Thankfully I've never had anything but friendly smiles when breastfeeding my children. On the other hand, I probably would have enjoyed using some of the witty responses had had prepared!

Justin said...

Great article. I find it mind boggling that people are offended by our own functions of life. Its like they're embarrassed to be human, or animals if you will. Its absolutely disgraceful for these men to be asserting their own sanitized (and sexualised) view of how women should act and feed a child. I'm embarrassed that its even a 'debate'.

Anonymous said...

I think men should be able to urinate whenever they need to relieve themselves as it is a natural function. Why is it any different and is classed as a criminal offence and offends many people? Let's change the laws to suit the purpose and too bad if anyone feels offended just doing what comes naturally.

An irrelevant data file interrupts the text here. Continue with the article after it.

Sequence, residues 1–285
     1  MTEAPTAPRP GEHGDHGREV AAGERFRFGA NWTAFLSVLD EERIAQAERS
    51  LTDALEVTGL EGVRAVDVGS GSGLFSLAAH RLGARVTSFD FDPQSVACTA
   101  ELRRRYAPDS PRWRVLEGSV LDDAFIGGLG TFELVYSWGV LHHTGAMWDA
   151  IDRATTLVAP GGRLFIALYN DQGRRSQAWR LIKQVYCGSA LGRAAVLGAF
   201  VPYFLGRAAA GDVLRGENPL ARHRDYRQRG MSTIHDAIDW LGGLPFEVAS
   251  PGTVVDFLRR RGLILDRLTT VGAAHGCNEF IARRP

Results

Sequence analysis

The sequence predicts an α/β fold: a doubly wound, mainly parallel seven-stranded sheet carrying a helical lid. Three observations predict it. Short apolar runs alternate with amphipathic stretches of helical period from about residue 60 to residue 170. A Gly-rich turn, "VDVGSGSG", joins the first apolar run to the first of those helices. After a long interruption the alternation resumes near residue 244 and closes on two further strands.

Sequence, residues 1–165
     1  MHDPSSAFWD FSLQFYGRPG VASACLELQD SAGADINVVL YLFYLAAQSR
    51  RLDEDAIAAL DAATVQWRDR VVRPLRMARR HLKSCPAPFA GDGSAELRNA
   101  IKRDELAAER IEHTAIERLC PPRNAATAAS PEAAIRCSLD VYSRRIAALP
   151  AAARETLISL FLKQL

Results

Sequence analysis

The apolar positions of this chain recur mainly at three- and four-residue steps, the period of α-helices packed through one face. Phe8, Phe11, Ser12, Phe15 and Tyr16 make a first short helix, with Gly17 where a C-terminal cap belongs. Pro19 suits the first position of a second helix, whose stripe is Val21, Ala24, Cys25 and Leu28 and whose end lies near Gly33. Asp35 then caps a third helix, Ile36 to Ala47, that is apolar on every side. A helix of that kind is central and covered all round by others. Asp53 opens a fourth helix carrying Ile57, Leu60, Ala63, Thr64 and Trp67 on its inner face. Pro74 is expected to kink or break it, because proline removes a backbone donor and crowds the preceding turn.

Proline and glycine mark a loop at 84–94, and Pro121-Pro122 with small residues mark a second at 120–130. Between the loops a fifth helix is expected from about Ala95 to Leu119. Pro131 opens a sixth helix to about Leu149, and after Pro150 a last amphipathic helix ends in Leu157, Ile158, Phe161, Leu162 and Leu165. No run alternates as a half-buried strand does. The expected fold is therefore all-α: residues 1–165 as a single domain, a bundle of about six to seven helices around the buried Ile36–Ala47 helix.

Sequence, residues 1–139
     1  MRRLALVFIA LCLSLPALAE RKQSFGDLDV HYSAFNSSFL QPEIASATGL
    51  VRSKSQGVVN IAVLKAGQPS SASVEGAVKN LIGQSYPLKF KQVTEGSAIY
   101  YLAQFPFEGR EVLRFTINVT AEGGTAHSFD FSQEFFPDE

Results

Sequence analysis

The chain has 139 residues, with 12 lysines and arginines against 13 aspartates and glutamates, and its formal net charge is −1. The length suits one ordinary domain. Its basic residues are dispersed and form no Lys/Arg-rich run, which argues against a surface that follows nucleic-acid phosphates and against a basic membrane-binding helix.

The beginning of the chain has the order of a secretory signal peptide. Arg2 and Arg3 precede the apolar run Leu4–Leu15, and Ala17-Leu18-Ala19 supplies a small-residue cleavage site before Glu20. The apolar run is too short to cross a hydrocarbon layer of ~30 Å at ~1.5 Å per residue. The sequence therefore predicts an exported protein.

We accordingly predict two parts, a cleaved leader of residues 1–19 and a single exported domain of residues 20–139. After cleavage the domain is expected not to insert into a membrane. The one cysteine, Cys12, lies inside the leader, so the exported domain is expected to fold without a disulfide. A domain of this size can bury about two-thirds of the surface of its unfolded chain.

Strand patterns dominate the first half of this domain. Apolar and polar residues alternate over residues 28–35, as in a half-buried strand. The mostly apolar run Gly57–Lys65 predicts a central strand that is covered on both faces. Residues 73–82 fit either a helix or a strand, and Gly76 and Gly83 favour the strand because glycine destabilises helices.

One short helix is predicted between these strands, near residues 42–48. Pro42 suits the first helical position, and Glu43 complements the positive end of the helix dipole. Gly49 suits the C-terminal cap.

Let's get real women, nobody is saying you can't breastfeed wherever or whenever you feel like it as it is law in Australia but it is not a spectator sport purely a natural function between mother and child.

cristy said...
This comment has been removed by the author.
cristy said...

Hi Anon. Interesting that you didn't sign your name to such an intelligent and insightful comment.

But actually, I've been meaning to write about this pernicious connection between breastfeeding and urinating in public that seems to appeal to a certain class of moron, so thanks. I'll get to that soonish...

Forty Shades Of Grey said...